Watson in the 21st goddamn century.
Night Librarian.
Ravenclaw.
I-40, North Carolina.

I blog about libraries, country music, propane, and propane accessories.

 

I don’t know how this happened. If you live in Chapel Hill long enough apparently you just start to look like this.

I don’t know how this happened. If you live in Chapel Hill long enough apparently you just start to look like this.

der-prinz-aus-stahl:

flyawaymax:

That’s the opposite of a problem

I’d love to know how this mistake was made. What was going through their heads at the factory?
"Are you sure it actually says 1,450?"
"Yeah, why would it be a mistake?"

der-prinz-aus-stahl:

flyawaymax:

That’s the opposite of a problem

I’d love to know how this mistake was made. What was going through their heads at the factory?

"Are you sure it actually says 1,450?"

"Yeah, why would it be a mistake?"

(Source: anditlingers)


erikkwakkel:
Sharing a binding
This is a clever book from the 18th century, printed in Oxford in 1756. It presents both the Old and New Testament, although the books are not bound together the regular way, behind one another. Instead, the binder opted to place them next to each other. This very rare binding technique is part of a family that includes the dos-à-dos (or “back to back”) binding, which I blogged about before (here). Having the two testaments bound this way allowed the reader to consult passages from both books at the same time. Indeed, the empty pages in the front and back are filled with notes, including in Greek and Hebrew. It appears this clever binding had a reader to match.
Pic: Manchester, Chetham’s Library (source).

erikkwakkel:

Sharing a binding

This is a clever book from the 18th century, printed in Oxford in 1756. It presents both the Old and New Testament, although the books are not bound together the regular way, behind one another. Instead, the binder opted to place them next to each other. This very rare binding technique is part of a family that includes the dos-à-dos (or “back to back”) binding, which I blogged about before (here). Having the two testaments bound this way allowed the reader to consult passages from both books at the same time. Indeed, the empty pages in the front and back are filled with notes, including in Greek and Hebrew. It appears this clever binding had a reader to match.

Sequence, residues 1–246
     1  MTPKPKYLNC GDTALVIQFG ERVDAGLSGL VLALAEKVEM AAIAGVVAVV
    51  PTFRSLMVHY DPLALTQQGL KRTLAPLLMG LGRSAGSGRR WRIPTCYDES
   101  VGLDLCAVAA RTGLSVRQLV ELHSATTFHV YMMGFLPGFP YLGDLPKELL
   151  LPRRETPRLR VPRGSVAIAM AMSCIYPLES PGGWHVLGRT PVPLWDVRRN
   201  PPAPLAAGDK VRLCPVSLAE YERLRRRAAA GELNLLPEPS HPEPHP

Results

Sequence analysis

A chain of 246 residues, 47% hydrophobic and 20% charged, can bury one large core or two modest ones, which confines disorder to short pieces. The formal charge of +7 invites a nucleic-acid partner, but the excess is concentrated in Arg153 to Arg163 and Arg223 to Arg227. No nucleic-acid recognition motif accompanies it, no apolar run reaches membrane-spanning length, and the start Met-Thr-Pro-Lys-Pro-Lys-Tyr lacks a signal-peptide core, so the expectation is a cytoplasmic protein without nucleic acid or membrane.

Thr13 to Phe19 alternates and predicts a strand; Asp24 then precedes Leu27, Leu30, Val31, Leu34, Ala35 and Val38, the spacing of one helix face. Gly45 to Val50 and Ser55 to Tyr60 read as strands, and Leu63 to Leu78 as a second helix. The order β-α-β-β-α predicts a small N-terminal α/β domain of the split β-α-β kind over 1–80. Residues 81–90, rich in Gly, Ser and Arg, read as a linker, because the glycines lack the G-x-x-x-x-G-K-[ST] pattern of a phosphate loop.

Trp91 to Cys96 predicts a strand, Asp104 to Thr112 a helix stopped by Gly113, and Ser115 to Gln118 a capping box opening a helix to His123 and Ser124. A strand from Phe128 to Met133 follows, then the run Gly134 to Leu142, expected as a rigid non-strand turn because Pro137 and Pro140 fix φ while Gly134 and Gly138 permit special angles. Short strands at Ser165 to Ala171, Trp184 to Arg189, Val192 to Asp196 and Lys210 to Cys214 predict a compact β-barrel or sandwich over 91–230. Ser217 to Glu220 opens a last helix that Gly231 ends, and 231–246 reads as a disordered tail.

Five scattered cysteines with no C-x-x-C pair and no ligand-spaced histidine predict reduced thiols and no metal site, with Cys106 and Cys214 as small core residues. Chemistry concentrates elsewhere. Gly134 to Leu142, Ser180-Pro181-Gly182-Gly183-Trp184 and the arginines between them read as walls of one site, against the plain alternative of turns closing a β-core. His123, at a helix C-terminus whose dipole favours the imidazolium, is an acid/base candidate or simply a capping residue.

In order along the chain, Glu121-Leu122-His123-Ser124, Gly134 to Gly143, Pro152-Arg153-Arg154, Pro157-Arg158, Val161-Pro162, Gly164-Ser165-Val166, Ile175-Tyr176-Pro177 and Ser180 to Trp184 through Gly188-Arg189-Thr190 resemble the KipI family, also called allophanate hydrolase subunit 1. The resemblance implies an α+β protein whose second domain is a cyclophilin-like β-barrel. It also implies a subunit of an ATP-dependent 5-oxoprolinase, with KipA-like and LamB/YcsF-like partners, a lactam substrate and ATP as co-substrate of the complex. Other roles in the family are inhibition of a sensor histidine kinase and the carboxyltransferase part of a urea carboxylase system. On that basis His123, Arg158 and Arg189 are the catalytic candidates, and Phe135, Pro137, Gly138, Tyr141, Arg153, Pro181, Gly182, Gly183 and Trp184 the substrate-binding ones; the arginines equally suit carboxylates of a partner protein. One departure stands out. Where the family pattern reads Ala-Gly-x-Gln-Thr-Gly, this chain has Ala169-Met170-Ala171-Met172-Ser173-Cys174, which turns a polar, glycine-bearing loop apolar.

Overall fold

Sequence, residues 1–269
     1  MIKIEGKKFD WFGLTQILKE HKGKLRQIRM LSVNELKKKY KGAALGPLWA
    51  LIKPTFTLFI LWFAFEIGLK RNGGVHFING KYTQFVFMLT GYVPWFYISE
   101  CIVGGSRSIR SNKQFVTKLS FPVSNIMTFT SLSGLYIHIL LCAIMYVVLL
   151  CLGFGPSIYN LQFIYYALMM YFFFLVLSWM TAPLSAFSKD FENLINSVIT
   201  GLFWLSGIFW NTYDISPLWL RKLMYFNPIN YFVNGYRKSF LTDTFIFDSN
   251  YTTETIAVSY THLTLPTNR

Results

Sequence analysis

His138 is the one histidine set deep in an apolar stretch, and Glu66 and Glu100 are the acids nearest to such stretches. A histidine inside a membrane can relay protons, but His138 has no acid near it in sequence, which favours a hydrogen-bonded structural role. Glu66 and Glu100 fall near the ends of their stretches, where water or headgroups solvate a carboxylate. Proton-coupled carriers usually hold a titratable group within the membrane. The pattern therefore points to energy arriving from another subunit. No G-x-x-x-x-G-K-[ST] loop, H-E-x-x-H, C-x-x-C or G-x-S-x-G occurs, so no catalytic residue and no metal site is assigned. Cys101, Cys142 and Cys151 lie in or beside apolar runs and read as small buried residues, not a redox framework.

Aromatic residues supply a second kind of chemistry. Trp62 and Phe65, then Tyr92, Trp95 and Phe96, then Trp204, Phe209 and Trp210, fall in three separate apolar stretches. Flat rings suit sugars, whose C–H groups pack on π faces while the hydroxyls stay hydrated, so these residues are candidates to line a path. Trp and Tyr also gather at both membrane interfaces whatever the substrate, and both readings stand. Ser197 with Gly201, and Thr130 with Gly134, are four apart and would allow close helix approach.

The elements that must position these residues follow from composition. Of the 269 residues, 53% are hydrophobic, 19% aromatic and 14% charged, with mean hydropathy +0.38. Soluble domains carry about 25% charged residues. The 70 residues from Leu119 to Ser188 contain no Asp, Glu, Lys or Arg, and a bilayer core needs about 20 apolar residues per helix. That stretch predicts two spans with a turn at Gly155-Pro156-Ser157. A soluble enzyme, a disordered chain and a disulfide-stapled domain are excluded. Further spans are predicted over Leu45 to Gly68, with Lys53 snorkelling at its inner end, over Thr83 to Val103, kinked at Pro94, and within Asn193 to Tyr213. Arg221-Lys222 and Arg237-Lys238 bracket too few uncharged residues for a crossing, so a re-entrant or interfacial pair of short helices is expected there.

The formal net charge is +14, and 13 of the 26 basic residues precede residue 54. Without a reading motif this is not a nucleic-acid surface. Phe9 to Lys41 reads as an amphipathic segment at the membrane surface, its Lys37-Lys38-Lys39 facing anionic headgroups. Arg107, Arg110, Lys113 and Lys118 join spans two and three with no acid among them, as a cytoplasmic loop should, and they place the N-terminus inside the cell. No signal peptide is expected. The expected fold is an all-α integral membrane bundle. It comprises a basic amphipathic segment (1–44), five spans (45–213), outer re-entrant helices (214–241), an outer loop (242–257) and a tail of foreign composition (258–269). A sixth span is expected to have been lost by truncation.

Pic: Manchester, Chetham’s Library (source).

Should I have expected the comatose to dance and/or tell?

notalwaysluminous:

a-certain-life:

It’s finally done!
I based this on part of an Episcopal Eucharistic prayer (Rite II, prayer C for those playing at home) and the stained glass window in notalwaysluminous's avatar.

Love, love, love, love, LOVE THIS!!! 

notalwaysluminous:

a-certain-life:

It’s finally done!

I based this on part of an Episcopal Eucharistic prayer (Rite II, prayer C for those playing at home) and the stained glass window in notalwaysluminous's avatar.

Love, love, love, love, LOVE THIS!!!